Unfortunately, getting value from data isn’t just about using it – it’s about how it’s used. If applied incorrectly, data can inhibit productive learning that promotes improvement. So to encourage innovation, agencies should use data to learn, not evaluate.
Why evaluation can hurt innovation
Agencies often use data to evaluate performance. Employees are promoted for hitting quarterly targets, or departments lose funding for not maintaining a certain metric. This might not seem bad – on an individual basis, there are benefits to rewarding people for results and setting an objective accountability standard. Unfortunately, applying this mindset at the agency level can create incentives discouraging staff from engaging productively with data.
Why? When using data primarily to evaluate impact and performance, it pressures staff to set conservative targets, avoid risks, and share wins. It discourages people from discussing data that looks bad, and it can incentivize people to misinterpret or spin data. An evaluation model limits the range of activities employees will try and discourages active learning that leads to better decision-making.
Of course, an innovation culture doesn’t make sense in all contexts. In some lines of work - for example, accountants or surgeons - experimentation might even be a liability. However, most organizations work in dynamic environments. People, norms, and technology change, and organizations must adapt. Cultures that encourage continuous learning will be better suited to work through uncertainty and respond to change. Here are some recommendations.
How to start using data to encourage a learning culture
At the program or portfolio level, set broad north stars. Whether qualitative or quantitative, they should motivate your team, rally people around shared priorities, and guide the bets people choose to work on.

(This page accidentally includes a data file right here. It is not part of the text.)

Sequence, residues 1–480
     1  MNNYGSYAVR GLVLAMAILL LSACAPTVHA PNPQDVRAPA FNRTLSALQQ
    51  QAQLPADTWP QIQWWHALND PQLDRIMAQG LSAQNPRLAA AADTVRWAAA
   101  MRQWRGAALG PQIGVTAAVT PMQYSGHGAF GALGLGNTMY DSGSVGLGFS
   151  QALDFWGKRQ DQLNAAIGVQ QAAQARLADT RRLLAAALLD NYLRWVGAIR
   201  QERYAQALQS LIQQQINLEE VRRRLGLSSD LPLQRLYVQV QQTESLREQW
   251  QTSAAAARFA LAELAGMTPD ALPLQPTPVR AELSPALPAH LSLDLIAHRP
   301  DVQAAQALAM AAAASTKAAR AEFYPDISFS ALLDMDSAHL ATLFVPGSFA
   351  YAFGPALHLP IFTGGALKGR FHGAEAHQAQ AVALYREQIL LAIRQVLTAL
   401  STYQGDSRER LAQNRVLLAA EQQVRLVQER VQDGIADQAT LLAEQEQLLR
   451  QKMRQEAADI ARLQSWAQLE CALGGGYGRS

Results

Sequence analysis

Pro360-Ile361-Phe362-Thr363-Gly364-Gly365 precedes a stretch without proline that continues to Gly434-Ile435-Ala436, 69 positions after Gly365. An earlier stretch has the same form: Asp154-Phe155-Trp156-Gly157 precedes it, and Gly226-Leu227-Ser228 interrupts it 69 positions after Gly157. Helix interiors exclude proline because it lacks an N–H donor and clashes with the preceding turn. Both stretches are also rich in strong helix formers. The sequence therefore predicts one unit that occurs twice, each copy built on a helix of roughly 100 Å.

At the project or initiative level, set hypotheses, not targets. At a project’s beginning, teams should document expectations and assumptions that lead them to that prediction. This has two key benefits. First, it helps teams align expectations and remove projects they presume will have limited effects on outcomes. Second, it allows teams to compare results against their hypotheses, which helps them refine assumptions and make smarter bets.
At the leadership level, model good data practices. Leaders’ actions often influence culture more than their words. They should set a good example by documenting their hypotheses for strategic initiatives, acknowledging uncertainty, and engaging with “bad” data to learn.
A hybrid approach: learn to hit targets
For federal agencies, reaching measurable goals is essential, especially considering the amount of data they are required to gather. Agencies may need to hit certain targets to meet regulatory, compliance, or reporting requirements. But while targets are valuable for accountability, they may discourage the risk-taking necessary for innovation and encourage agencies to prescribe targets for their teams.
However, targets don’t need to conflict with learning cultures. After all, teams who learn from data after completing a project are more likely to determine how to deliver results. If your agency is subject to external targets, consider a hybrid approach: treat targets as your north star, but encourage your teams to set hypotheses for their projects. If you’re a leader, acknowledge uncertainty and encourage discussion for both good and bad results.
Data doesn’t have to be a performance judgment or a compliance task. When agencies operationalize data well, they create a culture of innovation that encourages people to learn, try new things, and get creative within their sphere of responsibility. Data can be used to incentivize teams to continually improve. For agencies that aspire to be data-informed, don’t just aim to build processes around data – consider how your approach can contribute to the culture you want to create.